No casualties from SA Airlink incident

Monday, December 7, 2009

Pretoria - There has been no causalities reported from the SA Airlink plane which failed to stop at a runaway while landing at George Airport on Monday morning.

According to the South African Civil Aviation (SACAA), the cause of the failure of the plane to stop could have been the rainy weather at the airport.

"The SACAA has not received any reports of injuries to either the passengers or crew, but believes that two crew members and three passengers have been sent to hospital for observation," the SACAA said in a statement.

The instrument landing system installation was not damaged as the pilot apparently manoeuvred the aircraft to one side when it overshot the runway end.

The Commissioner for Civil Aviation is concerned about the recent number of accidents/incidents involving the airline.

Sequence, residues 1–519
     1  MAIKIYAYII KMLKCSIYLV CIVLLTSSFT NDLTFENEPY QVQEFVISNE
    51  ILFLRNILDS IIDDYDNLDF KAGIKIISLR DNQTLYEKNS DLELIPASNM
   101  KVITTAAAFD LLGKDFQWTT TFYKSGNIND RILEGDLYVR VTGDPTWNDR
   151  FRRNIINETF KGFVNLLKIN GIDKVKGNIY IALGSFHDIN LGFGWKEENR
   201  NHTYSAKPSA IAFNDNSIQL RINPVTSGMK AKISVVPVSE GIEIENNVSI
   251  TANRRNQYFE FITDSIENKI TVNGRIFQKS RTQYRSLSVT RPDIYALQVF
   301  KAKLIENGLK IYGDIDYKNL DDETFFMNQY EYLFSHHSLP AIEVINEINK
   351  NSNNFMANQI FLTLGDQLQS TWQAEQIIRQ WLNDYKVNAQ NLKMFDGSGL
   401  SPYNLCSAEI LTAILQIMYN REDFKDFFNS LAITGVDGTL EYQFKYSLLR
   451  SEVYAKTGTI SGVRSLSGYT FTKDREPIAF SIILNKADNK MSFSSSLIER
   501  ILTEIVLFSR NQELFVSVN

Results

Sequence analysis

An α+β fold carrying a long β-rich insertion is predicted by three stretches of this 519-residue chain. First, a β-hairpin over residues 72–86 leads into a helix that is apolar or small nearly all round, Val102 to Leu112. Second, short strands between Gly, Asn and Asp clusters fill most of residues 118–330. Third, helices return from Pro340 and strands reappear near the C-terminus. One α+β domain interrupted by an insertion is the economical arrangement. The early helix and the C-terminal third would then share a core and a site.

SACAA manager communications, Kabelo Ledwaba said: "Following the accident that took place in Durban just over 10 weeks ago, the SACAA has instituted an intensified audit programme of the maintenance, operating procedures and pilot training for this airline, over and above the normal safety oversight programme that is conducted on all airlines operating in and into South Africa."

According to Ledwaba, the programme is ongoing with the full co-operation of the airline's management. Corrective actions are instituted as and when deficiencies are identified.

A team of investigators from the SACAA's Accident and Incident Investigations Division has been dispatched to the site to commence the official aircraft accident investigation.

The SACAA is committed to ensuring that the South African air transport environment, which includes the airlines, airports and air traffic control, is as safe as possible at all times.

This includes periods of high activity such as the coming holiday season and of course, in the lead up to the FIFA World Cup 2010.

The SACAA also indicated that the number of accidents has decreased if compared to statistics at the same time last year.